If you think living in Los Angeles, and California as a whole, is already expensive, take a good look at the November ballot which comes filled with plenty of new taxes and bonds that could make a pretty dent in your wallet.
Apart from the 17 statewide propositions, there are extra ones for the County and the City of Los Angeles that ask you directly for more money to deal with a wide range of issues. Some propose new taxes or will trigger new ones if approved.
Property Tax Hikes
Locally, LA city and county voters will be asked to approve two bond measures, both of which require property tax hikes in order to pay off the bonds.
Homelessness Bond: Known as HHH, it was placed on the ballot by the Los Angeles City Council. This measure seeks the approval of $1.2 billion in bonds to finance the construction of housing for the city’s homeless — now estimated at nearly 27,000 (47,000 in the county and about 7,335 here the San Fernando Valley) — as well as the construction of other facilities aimed at alleviating Los Angeles’s homelessness crisis.
If approved by voters, the measure would generate a property tax increase of about $9.84 per $100,000 of assessed property value.
Community College Bond: Called CC, it was placed on the ballot by the Los Angeles Community College District and asks voters to approve $3.3 billion in bonds that would finance the construction of new community college facilities and the renovation of existing ones.
If approved, the measure would add between $12.50 to $15 per $100,000 of assessed property value.
“Los Angeles Community College District doesn’t deserve your trust,” writes G. Rick Marshall, Chief Financial Officer, California Taxpayers Action Network that opposes this measure.
“Since 2001, voters have approved $5.7 billion in bonds to rebuild all nine campuses. The District promised to ease classroom crowding, make buildings safer and add new technology — all with stringent financial oversight. Instead, millions were wasted by bad planning, frivolous spending, shoddy workmanship, nepotism and poor oversight.”
Marshall gives the example of Valley College, where a theatre complex was renovated for $3.4 million, then demolishedt o build a new theatre complex.
Parks Tax: Measure A was placed on the ballot by the Los Angeles County Board of Supervisors. It seeks to generate $94.5 million annually for both establishing new parks and upgrading old ones throughout the county.
If voters approve, it would add a new property tax of 1.5 cents per square foot, or about $22.50 per year for the owner of a 1,500 sq. foot home.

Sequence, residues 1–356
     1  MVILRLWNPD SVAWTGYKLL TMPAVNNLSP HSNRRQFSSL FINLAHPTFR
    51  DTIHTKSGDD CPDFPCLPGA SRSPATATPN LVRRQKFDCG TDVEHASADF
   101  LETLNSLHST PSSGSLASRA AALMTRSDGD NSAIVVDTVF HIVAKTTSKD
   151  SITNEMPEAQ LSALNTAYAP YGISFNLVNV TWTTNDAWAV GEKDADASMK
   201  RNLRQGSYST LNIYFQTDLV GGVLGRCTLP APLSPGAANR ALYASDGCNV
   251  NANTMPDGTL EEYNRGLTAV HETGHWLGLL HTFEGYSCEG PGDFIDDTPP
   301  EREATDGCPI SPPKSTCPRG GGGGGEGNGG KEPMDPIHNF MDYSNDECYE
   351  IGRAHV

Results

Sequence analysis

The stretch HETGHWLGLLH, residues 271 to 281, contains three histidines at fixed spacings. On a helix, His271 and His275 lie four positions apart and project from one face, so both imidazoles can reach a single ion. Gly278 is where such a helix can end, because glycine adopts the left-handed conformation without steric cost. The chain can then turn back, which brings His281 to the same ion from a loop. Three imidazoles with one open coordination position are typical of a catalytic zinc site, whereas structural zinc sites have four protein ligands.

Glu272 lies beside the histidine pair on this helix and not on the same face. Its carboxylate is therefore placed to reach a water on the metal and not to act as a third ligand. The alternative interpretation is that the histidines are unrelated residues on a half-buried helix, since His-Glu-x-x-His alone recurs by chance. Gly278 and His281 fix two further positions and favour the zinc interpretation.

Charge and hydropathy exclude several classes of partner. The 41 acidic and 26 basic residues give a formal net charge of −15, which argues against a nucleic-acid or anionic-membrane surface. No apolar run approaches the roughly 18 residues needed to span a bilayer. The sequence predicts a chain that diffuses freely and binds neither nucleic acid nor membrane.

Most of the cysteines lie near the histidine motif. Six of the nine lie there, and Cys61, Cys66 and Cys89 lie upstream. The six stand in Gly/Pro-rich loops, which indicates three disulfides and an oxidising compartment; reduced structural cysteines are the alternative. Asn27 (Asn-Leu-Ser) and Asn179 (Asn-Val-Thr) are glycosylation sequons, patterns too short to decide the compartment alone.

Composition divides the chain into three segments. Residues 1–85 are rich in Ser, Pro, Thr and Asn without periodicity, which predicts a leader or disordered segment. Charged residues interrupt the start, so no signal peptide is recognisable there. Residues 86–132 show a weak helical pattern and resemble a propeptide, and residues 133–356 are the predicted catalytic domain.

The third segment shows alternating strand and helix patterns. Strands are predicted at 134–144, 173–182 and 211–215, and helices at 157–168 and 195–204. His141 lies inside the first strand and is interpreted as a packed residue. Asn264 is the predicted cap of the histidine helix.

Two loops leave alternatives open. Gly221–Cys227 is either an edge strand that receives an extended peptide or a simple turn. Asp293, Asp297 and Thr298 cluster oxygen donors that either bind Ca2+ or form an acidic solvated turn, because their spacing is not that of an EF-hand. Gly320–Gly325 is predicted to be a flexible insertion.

“The politicians say they don’t have money to fund parks. But the real story is that the money they have has not been spent wisely. Politicians have received millions of dollars in new state money for parks, but due to mismanagement and red tape much of this was never spent,” say opponents, including the Valley Industry and Commerce Association.
Transportation Tax: Measure M was placed on the ballot by the Metropolitan Transportation Authority (MTA) and would generate funds to expand, repair and improve the county’s transportation infrastructure through a .5 percent sales tax increase that would be in place indefinitely.
That means it would raise Los Angeles’s sales tax to 9.5 percent, making it the eighth highest city sales tax in the nation — higher than New York and San Francisco.
MTA contends the measure would cost county residents an average of $24 per year and would generate about $860 million per year for street repairs, highway improvements and new rail construction.
Several cities, including Carson, Commerce, Norwalk, Torrance, Santa Fe Springs, Ranchos Palos Verdes and Signal Hill filed a lawsuit — rejected by the courts — claiming Measure M’s ballot summary language was incomplete and misleading. They also claimed that there won’t be an equal distribution of funds and projects, where those in the western and northern regions of the county will take priority.
Los Angeles Superior Court Judge Mary H. Strobel ruled that Measure M is not an initiative and therefore did not require the ballot language specifics sought in the lawsuit.
According to Metro’s own figures, average weekday boardings numbered 1,278,645 in July 2016, compared with 1,404,627 in July 2014.
Cigarette Tax: If you smoke, get ready to pay more for that habit. Proposition 56 would charge an additional $2 tax on every carton of cigarettes, e-cigarettes and tobacco products containing nicotine in the state.
If voters approve, the tax is expected to generate more than $1 billion per year, most of which would be directed towards health care providers and smoking prevention programs.
Marijuana Taxes: If your preference is to smoke a more “natural” product, this tax will affect you. Proposition 64 asks voters to legalize the recreational use of marijuana in California and levy a 15 percent tax on all marijuana sales. It would also impose a cultivation tax on growers of $9.25 per ounce.
It is estimated the measure would generate over $100 million per year in new revenue to be use for marijuana related enforcement and substance abuse prevention programs.